UPDATE, 3:07 PM: CBS Corp chief Les Moonves is such a relentless salesman you can’t resist being suspicious when he makes seemingly over-the-top financial forecasts the way he did today. But the results in CBS’ latest earnings report are too impressive, and his predictions are too specific, to ignore. Moonves says he expects “solid double-digit increases” in CBS’ ad sales in the coming upfront market. That’s one of the most bullish forecasts we’ve heard so far from a network executive. If the NFL season falls apart due to the team owners’ lockout, then “we expect to get a greater piece of the (advertising) pie.” Talking up CBS’ programming, Moonves says that Hawaii Five-0 is destined to become “a billion dollar franchise for us” following an initial syndication deal that prices the show at $5 million an episode. Moonves also is a fan of Netflix and other companies that want to offer TV programs online: Moonves says a deal that would enable Netflix to stream CBS shows in Latin America and Canada “might happen very quickly.” He’s also talking to Amazon, and expects to hear from Blockbuster as its new owner Dish Network considers using the home video chain to launch an online subscription service. Revenue from the Netflix deal that Moonves cut in February will appear on CBS’ books beginning in the second quarter.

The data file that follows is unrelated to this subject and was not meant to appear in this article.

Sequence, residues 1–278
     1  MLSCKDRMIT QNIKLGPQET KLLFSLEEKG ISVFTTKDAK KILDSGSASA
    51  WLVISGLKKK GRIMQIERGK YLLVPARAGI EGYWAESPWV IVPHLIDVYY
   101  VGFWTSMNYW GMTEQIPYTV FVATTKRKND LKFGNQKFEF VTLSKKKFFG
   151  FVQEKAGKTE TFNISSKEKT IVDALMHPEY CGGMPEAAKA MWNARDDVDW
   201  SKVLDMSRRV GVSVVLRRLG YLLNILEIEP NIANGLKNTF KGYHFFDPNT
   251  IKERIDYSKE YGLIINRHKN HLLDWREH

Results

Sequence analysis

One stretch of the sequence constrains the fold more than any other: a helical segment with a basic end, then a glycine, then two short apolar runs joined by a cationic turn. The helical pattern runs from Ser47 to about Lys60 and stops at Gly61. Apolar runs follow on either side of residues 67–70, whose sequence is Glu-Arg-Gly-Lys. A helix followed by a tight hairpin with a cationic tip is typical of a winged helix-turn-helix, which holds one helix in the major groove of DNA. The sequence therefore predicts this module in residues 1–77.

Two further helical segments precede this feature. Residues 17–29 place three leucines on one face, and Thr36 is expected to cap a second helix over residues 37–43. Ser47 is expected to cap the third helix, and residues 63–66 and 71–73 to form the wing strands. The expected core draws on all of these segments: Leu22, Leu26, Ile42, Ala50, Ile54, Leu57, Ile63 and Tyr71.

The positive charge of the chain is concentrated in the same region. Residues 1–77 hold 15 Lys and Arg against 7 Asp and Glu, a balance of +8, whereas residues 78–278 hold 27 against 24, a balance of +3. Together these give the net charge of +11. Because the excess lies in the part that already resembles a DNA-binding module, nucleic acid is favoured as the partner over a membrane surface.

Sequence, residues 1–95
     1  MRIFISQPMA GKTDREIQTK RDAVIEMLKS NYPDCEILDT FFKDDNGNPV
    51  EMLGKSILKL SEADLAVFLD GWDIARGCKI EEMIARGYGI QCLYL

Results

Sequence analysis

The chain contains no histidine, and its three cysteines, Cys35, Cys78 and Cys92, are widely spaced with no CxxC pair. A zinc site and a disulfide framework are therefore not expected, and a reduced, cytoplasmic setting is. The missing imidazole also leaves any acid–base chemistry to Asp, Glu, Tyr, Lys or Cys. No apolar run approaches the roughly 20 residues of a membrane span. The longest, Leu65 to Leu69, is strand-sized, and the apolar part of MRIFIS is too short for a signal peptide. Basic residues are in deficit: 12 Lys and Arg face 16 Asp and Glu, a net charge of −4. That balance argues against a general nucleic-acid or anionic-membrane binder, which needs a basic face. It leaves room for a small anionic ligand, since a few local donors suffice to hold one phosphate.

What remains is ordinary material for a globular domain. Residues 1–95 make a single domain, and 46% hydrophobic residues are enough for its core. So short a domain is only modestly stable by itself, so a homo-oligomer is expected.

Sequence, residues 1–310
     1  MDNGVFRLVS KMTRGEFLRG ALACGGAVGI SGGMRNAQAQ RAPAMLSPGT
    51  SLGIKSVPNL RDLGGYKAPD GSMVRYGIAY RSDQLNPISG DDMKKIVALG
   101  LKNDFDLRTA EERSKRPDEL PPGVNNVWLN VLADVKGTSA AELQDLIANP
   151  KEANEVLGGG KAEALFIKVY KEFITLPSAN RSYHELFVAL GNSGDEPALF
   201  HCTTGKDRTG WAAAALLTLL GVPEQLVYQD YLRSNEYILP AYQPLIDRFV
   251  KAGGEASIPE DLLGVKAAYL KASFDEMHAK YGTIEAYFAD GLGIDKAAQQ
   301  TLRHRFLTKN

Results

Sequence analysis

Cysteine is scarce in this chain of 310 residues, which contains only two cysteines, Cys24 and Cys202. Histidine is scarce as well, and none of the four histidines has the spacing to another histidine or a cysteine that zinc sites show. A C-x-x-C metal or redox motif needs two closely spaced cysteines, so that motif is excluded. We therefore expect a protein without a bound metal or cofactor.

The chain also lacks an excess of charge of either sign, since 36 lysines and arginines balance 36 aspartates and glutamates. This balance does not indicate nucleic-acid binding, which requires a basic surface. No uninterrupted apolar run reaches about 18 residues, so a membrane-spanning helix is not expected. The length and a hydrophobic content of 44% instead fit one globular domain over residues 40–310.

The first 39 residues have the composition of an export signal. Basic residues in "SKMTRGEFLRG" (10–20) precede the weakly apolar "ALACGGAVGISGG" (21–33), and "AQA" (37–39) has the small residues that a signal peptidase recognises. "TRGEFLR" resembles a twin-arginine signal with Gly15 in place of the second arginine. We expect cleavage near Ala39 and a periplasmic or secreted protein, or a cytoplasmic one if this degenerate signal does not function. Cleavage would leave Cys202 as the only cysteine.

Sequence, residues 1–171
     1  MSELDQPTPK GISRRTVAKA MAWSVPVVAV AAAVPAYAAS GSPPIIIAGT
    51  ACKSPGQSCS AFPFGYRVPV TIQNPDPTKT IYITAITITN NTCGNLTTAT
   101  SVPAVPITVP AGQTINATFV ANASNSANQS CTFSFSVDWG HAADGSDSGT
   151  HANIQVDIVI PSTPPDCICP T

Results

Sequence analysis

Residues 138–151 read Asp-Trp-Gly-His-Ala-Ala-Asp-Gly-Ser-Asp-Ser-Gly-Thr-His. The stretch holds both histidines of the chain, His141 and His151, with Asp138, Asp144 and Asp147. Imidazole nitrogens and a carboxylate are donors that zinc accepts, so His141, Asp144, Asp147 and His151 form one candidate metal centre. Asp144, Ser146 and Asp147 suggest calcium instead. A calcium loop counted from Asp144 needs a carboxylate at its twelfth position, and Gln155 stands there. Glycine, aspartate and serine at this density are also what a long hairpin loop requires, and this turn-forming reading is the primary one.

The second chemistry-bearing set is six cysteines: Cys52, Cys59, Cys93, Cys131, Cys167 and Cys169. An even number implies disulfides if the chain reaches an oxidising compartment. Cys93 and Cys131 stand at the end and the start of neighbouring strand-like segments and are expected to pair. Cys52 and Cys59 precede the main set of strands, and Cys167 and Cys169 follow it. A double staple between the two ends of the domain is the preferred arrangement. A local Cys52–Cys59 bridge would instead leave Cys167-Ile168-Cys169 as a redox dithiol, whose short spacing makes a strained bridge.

In other matters, Moonves says that “there are a lot of moving pieces” with the Warner Bros-produced sitcom Two And A Half Men now that Charlie Sheen is gone, and he doesn’t know whether it will return. The CEO also says that he “has no great intent to sell” CBS’ outdoor advertising business. 

The bullish predictions, the strong 1Q results, a decision to double CBS’ dividend to 10 cents a share, and the company’s plan to keep buying back its stock had a predictable result: The price of CBS’ shares rose 4.4% in after-hours trading.

PREVIOUS, 1:40 PM: CBS Corporation just provided yet more evidence that the advertising market is regaining its strength. The broadcast company’s 1Q earnings smashed through analysts’ expectations. CBS delivered net profits of $202 million, up from $34 million in the same period last year, on revenues of $3.51 billion, down 1%. The company attributes the slide in revenues to the fact that it had the Super Bowl last year, and this year it didn’t. In any event, profits, at 29 cents a share, far surpassed the 19 cent average forecast among analysts who follow CBS. Executive Chairman Sumner Redstone kicked off the company’s earnings call with analysts by saying that “CBS is on a roll. … What a terrific way to start off the year.”  

We’ll update after the call.